How many homes were not burglarized, lives saved and kids staying clean from the war on drugs? You can't put a number on things that were prevented.

    Now the message from our City Council is possession of up to 10 grams of pot is OK. You'll just get a ticket. Of those ticketed, how many were over age 25?  Because the Council decriminalized pot specifically with teens in mind.  

    People who abuse or sell drugs destroy their OWN lives and others around them. Now our Council wants to decriminalize the hard drugs.

    If you have kids, grandkids, nieces or nephews ask yourself this question – Are you OK with them smoking pot and doing hard drugs? If you're not then you can not support the decriminalization of pot and hard drugs.

    How do these people get elected to the Council?

    1. More legal drugs, less crime
      If you want to end the street gangs, then legalize drugs. Why would anyone purchase an unknown quality or quantity of an illegal drug when they could go to Walgreens, CVS or Osco and purchase the same drugs legally and be guaranteed of quality and quantity. Who buys moonshine liquor when they can just go to a liquor store? Another benefit of legalization is the huge amount of taxes that would be generated (you can bet the farm on that!) And in answer to your question as to how these people get elected to the council, its we the people.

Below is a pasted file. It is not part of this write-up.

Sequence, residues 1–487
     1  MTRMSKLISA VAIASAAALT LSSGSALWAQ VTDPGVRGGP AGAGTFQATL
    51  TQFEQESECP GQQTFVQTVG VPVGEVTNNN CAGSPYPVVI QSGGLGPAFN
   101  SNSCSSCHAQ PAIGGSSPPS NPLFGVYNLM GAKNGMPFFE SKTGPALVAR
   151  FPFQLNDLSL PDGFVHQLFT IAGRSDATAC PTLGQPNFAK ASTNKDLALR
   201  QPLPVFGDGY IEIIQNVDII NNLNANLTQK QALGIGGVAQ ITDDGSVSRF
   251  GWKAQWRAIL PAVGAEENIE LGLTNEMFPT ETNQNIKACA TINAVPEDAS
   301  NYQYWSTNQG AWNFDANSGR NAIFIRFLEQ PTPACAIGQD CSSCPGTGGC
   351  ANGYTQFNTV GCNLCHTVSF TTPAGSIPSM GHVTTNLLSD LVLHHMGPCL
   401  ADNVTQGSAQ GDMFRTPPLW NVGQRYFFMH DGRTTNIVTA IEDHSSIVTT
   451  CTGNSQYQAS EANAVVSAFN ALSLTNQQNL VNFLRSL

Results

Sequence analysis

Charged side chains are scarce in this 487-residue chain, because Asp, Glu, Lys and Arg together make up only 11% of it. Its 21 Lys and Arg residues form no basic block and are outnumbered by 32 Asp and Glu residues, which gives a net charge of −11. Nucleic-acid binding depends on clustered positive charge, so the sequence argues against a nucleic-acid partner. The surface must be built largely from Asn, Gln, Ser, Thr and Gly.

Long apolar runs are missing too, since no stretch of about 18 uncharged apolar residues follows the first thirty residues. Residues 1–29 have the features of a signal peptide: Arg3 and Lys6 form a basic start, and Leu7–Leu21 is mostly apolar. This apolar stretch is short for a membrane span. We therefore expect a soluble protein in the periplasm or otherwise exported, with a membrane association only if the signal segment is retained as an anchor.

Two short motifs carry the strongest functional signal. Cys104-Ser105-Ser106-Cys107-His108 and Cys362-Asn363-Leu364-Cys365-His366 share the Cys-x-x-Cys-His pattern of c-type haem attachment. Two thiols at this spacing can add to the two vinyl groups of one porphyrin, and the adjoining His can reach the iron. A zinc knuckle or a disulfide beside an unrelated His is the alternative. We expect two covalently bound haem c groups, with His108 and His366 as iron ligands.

1. Do you want corporations to be the new drug dealer?

        Legalizing drugs would provide corporations another avenue to earn millions getting people addicted to drugs for recreational use. The result would be an immediate mushroom of drug use in America. Again, there is a direct co-relation with drug use and crime regardless of economic status.

        Would you want your kids exposed to the sophisticated advertising and marketing techniques of large corporations that would replace the street corner drug dealer?

        There are other ways to combat gangs and drug dealers. And do you think if drugs were legalized organized gangs would just simply disband and go back to school and earn college degrees?

        Jack Hauer,

        The Council is considering decriminalizing illegal drugs other than pot. Stop drinking the Kool-Aid, tooting the funny cigarettes and whatever other toxins you dump in your body to escape reality. 

    2. Not hard drugs

      Cannabis is not "hard drugs." Stop drinking the DOJ Kool-Aid and get a clue. The truth will set you – and me – free.


    3. Marijuana

      Those of you commenting in opposition to marijuana use and it's ticketing think you are knowledgeable and righteous in your stand. 

      Guess what?

      You actually don't have a clue. 

      Marijuana is safe.   It's so safe that it's much safer than alcohol.  

      Yes,  I do inform my teenager of this truth!